If you’ve ever wanted a book that combines elements of time travel, murder and ghost stories into one, then Rob Hart’s The Paradox Hotel is the book for you. Defying the genre to the fault, The Paradox Hotel crams so many stories into its nearly 300 pages that it’s kind of a miracle that everything works as well as it does. But overall, The Paradox Hotel is a truly impressive book. The mystery is satisfying and well plotted. The emotional stakes are clear and well developed. And the book is so much fun to read – a shining example of compulsive page-turning.
A combination of pulpy fun and emotional character exploration
In the future, time travel not only exists, but is available to extremely wealthy people as an exotic vacation. And, of course, all those potential travelers need a nice place to stay, right? This is where the Paradox Hotel comes in. Accommodation for the rich and powerful. A destination in its own right. Apparently haunted. And, somehow, lose money. That’s why a US senator brought a group of the world’s richest trillionaires to the hotel to attend a summit. It’s more of an auction, where the United States intends to sell the hotel and accompanying timeport to the highest bidder. Assuming January Cole, the hotel’s head of security, can figure out what’s causing a series of increasingly bizarre events – velociraptor attacks, missing security footage, assassination attempts, and a dead body… only she can see – and stop them before they derail the whole auction.
As if that weren’t enough, there’s an added wrinkle – January Cole, herself. Because January, after years of traveling through time as some kind of time cop, came Unstuck. This means that she suffers from some sort of rare, terminal illness that causes her to lose her time – moments where she hallucinates past and future events. The closer it stays to the timestream, the faster it deteriorates. And the more it deteriorates… Well, that’s not good. She really should leave the Paradox Hotel. But she won’t. Because it’s the only place where she can see the “ghost” of her dead girlfriend during her slides. So we end up with an unreliable detective haunted by her past and her future. Plus a mind-bending, page-turning murder mystery. But the combination of emotional character study and pulpy genre fare ends up being an absolute pleasure to read.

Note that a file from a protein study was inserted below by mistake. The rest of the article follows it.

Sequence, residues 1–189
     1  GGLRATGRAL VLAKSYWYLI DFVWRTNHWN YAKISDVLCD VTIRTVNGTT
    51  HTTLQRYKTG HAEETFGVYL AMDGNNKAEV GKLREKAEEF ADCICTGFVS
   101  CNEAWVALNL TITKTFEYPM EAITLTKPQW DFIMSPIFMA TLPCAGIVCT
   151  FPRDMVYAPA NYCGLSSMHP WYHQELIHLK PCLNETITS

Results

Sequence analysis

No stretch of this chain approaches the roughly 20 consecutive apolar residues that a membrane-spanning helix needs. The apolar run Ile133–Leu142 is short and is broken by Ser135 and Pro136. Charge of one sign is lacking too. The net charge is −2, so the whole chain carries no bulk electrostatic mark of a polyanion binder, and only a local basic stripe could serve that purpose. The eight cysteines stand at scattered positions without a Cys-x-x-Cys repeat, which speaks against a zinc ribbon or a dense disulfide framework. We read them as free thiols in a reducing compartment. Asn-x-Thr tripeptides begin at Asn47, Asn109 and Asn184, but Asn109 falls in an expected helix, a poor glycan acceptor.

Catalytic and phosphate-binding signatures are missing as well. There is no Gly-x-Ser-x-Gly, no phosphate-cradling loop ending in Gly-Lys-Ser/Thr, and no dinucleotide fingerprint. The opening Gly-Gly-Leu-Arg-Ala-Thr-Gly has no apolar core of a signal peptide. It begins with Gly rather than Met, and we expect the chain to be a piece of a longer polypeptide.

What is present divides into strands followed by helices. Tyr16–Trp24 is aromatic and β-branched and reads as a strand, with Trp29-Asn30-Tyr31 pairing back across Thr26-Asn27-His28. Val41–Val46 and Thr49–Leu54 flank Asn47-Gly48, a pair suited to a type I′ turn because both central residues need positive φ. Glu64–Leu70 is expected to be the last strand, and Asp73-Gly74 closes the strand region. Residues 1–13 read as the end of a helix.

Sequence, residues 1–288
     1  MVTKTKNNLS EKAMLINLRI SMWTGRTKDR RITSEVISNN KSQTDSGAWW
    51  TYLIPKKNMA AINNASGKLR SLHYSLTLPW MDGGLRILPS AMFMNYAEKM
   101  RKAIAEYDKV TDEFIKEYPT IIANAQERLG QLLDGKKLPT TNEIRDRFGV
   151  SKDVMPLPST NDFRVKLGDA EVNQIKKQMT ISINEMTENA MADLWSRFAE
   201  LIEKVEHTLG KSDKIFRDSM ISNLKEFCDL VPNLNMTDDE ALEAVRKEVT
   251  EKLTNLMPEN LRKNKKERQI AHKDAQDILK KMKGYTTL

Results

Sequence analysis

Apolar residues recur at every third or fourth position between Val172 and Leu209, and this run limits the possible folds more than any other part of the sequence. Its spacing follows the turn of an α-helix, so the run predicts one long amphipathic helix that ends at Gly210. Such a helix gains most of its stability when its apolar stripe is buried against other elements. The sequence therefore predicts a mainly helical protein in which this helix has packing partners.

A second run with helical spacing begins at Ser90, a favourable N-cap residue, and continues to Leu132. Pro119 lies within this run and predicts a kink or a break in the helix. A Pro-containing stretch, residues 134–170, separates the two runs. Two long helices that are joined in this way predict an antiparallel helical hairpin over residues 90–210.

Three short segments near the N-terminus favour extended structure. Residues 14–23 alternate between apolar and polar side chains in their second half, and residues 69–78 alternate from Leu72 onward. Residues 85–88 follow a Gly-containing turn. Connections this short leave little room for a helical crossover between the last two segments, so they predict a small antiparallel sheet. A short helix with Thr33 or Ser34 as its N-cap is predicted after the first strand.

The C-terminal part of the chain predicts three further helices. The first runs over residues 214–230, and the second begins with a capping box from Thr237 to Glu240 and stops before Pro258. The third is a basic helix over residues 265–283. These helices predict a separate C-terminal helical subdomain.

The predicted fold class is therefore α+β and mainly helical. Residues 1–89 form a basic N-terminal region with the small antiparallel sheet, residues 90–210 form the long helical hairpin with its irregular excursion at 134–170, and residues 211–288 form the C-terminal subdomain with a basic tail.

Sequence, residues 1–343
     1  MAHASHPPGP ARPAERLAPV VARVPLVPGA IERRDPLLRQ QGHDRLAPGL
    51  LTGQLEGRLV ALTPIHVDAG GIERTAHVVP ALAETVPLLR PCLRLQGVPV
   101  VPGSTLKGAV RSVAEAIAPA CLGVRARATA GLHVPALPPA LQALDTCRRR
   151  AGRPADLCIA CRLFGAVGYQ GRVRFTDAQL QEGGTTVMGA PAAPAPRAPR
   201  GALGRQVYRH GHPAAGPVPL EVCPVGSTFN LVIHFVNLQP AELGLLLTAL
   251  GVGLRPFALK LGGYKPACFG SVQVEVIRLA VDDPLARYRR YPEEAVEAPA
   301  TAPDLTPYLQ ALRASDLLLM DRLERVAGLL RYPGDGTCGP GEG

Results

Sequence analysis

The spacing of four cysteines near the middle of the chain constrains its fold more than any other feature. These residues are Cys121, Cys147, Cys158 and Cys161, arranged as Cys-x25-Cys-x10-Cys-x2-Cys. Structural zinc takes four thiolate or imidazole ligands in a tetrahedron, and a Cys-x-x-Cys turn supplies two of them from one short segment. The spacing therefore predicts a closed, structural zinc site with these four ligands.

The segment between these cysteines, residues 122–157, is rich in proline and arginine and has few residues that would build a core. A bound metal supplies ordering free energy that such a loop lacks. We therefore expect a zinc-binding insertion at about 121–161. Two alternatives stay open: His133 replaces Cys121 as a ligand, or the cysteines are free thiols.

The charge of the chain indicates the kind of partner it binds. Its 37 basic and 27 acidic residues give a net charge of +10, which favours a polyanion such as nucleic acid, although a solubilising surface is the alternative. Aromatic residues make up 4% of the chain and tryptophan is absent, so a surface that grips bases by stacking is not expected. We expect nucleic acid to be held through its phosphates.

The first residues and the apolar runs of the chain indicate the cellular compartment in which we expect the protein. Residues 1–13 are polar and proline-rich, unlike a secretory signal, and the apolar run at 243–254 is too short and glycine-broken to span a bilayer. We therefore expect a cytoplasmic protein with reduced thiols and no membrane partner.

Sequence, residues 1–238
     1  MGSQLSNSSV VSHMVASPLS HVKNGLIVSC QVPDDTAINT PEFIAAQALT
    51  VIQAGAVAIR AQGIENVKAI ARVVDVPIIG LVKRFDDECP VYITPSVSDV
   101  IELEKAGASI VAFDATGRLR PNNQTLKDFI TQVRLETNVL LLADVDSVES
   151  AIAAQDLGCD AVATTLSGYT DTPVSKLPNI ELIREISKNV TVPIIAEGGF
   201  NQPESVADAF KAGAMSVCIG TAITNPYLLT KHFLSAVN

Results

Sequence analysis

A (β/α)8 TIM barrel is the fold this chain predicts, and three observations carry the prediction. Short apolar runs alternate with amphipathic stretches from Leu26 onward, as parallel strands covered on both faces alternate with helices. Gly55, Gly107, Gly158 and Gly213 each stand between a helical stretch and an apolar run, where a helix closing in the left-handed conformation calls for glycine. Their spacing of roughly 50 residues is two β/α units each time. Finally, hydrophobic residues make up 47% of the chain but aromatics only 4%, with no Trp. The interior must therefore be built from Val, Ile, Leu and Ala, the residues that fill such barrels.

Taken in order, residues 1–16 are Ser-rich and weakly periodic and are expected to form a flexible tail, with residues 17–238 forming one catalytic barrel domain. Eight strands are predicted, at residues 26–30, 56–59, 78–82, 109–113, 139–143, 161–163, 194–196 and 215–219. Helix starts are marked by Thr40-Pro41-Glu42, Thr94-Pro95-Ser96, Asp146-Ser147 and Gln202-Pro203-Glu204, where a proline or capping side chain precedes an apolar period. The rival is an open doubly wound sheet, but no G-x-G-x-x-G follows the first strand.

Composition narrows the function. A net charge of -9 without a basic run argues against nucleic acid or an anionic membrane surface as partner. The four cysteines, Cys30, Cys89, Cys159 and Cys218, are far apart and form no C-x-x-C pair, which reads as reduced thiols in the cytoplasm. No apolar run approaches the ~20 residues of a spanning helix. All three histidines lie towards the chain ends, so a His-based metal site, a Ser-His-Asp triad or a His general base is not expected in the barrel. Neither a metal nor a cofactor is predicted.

An extremely satisfying read…
The Paradox Hotel there are a lot of things going on at the same time. Some might argue too much. And they would score a point. I mean, there’s a murder mystery, complex political machinations, emotional hauntings and time slips. One of them would be more than enough to form a complicated story. But the combination of all? Absolutely crazy. So the fact that the story works so well is more than impressive. The weakest element is easily political intrigue. Not enough time is spent on the senator and the trillionaires who are all trying to take advantage of each other, even when it comes to the central mystery of the novel. Hart flirts with biting social commentary, but it never quite materializes in the end. It’s interesting, that’s for sure. But a bit difficult to follow and needs a bit more development.